Even if you haven’t witnessed a Tolouse Low Trax set in the club, it’s hard to escape the influence Detlef Weinrich has had on the Düsseldorf scene centred on the charming Salon Des Amateurs. When I spent a weekend in the city to interview Lena Willikens last year, she was effusive in her praise of the club’s co-founder and his capacity to make the strangest music work in the Salon. Dip your nose back into Aaron Coultate’s profile on the Salon for RA in early 2015 and Weinrich’s ambassadorial role becomes all the more clearer.
Listening to this latest Themes For Great Cities 12” from Weinrich as Tolouse Low Trax, it’s clear his music contains that same maverick streak. The epitome of low-slung, there is far too much character and detail sown into the three tracks’ grooves to dismiss this record one-handedly as warm up fodder. Instead you feel compelled to unleash tracks like “Rushing Into Water” and “Reserves To Talk” to upset the rhythm of a night and veer off in another direction. There is a sense of space apparent in the former track; air to breath between the gentle yet sludgy bass groove, ever-evolving percussive tones and malevolent vocal samples.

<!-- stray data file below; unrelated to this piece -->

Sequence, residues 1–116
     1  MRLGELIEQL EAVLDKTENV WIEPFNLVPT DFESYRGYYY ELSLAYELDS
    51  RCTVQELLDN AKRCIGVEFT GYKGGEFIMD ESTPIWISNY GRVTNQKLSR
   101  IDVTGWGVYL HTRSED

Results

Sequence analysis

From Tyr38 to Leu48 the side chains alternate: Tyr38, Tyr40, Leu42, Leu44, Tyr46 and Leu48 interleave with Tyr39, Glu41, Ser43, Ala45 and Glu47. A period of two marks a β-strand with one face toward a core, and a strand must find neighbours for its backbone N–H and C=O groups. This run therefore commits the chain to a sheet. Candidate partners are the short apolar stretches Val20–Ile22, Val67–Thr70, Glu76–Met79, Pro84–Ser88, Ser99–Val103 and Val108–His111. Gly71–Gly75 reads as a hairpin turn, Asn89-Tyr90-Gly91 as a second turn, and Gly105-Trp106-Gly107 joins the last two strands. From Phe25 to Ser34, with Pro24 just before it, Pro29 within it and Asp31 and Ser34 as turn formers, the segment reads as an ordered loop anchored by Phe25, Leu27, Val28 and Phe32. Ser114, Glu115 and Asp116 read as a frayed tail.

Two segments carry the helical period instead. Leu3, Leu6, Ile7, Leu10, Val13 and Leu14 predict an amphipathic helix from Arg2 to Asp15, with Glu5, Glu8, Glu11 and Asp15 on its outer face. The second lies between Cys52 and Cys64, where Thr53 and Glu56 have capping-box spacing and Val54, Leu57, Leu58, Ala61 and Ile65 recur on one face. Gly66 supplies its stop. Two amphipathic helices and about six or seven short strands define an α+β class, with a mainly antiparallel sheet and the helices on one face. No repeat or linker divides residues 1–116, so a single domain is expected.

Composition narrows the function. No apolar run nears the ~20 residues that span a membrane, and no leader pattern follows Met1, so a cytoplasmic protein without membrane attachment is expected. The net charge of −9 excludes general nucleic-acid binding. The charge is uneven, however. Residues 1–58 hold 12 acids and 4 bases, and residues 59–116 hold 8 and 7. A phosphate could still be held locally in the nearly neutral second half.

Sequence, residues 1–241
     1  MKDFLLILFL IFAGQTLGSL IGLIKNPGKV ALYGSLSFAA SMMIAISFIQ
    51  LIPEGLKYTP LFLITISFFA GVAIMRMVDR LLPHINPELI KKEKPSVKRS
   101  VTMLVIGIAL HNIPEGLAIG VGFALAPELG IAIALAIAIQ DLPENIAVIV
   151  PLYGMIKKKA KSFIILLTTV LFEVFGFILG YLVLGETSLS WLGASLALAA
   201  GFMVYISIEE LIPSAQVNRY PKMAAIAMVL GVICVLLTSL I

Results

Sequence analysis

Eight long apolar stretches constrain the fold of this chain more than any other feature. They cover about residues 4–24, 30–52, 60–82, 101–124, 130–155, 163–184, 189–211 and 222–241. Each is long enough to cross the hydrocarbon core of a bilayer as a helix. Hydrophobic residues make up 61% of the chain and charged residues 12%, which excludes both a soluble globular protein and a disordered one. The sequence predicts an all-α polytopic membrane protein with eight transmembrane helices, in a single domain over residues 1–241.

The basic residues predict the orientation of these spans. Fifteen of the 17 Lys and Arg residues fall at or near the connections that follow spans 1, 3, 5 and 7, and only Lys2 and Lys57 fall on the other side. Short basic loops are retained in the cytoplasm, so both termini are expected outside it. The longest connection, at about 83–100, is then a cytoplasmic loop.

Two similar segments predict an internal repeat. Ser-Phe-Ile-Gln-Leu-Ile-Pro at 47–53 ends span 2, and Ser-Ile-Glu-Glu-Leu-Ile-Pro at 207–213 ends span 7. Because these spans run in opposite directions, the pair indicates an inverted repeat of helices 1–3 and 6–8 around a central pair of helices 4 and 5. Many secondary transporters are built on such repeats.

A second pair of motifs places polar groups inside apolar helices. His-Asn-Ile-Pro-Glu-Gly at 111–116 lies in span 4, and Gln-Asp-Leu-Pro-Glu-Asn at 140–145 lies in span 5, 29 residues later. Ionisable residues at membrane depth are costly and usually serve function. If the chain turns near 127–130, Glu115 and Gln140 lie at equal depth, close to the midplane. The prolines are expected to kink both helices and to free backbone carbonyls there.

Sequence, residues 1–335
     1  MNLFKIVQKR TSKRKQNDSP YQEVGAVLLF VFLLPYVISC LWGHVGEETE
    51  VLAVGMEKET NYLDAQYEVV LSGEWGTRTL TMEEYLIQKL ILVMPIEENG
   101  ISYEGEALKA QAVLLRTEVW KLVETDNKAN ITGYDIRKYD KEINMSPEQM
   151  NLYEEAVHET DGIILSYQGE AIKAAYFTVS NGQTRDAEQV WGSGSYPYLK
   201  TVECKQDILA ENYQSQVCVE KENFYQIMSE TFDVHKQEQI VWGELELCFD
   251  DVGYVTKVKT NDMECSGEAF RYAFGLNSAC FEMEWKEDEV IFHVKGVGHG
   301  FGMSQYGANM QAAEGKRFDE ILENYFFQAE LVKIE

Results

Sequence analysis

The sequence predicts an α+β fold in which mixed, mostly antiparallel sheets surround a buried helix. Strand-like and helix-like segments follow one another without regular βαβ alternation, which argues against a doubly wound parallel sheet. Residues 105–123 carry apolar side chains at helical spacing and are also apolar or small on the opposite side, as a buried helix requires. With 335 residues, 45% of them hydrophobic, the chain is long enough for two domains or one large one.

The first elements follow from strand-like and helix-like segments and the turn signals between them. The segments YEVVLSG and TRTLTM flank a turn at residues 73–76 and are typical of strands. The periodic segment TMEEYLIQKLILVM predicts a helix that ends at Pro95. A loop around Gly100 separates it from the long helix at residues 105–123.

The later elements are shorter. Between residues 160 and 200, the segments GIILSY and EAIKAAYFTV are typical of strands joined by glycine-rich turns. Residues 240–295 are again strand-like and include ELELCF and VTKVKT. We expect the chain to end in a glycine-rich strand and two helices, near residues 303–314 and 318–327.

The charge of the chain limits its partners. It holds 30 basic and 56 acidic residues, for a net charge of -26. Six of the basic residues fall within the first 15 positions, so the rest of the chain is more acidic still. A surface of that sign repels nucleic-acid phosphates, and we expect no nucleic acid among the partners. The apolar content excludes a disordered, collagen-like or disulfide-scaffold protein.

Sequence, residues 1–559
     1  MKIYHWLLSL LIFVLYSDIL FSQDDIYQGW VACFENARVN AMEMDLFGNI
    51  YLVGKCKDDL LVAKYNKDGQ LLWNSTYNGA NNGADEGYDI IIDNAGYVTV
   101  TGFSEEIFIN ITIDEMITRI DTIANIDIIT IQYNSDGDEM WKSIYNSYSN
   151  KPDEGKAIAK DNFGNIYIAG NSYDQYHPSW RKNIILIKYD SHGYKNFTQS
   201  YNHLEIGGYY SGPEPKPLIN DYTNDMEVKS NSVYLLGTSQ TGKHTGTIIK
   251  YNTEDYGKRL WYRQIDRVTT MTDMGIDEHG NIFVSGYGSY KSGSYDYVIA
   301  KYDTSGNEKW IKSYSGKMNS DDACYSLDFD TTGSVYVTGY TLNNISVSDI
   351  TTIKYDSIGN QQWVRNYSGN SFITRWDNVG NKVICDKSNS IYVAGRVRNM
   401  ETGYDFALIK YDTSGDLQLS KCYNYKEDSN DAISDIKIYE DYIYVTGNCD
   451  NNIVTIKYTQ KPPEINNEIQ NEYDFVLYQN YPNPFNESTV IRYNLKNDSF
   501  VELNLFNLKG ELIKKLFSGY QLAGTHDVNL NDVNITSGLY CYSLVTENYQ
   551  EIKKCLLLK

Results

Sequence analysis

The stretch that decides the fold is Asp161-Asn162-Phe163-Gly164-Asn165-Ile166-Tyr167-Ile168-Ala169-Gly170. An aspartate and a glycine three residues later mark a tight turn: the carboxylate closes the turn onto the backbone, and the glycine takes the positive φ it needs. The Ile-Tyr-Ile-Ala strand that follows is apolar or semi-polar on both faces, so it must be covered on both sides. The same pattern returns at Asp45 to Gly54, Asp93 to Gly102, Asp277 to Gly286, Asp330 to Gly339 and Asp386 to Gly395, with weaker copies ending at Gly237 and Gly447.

In theory, nine minutes of this might sound over-indulgent, but Weinrich proves devilish in his capacity to shape the track into a heaving mass of slow-release hypnosis. Around the seven minute mark, foggy memories of being caught up in a strange krauty groove at the Salon circa 2am came rushing back to the forefront of my mind. For anyone that has patronised the venue, it’s all too easy to see “Rushing Into Water” working magnificently in this environment. Let’s hope it is similarly embraced by the more-open minded out DJs and clubbing audiences there as the year progresses.
The following track “In Quicksilver” is even easier to lose yourself in; a fine DJ tool made up of thickset, oscillating tones, spooked-out effects, and layer upon layer of drums. Barely discernible vocal samples are used once again, but in a less narrative sense than the title track; here they add just another element of brooding darkness to this heavy production. It’s the kind of track you want to toy around with for hours on end to see how much of your record collection it might complement.
What is there to say about “Reserves To Talk” other than the track’s various strange elements might sound like an unholy mess when assembled by anyone other than Detlef Weinrich. In his hands, the sluggish tempo acts as a guiding hand for one of the queasiest yet spell-binding tracks committed to vinyl in the recent memory.
A1. Rushing Into Water
B1. In Quicksilver
B2. Reserves To Talk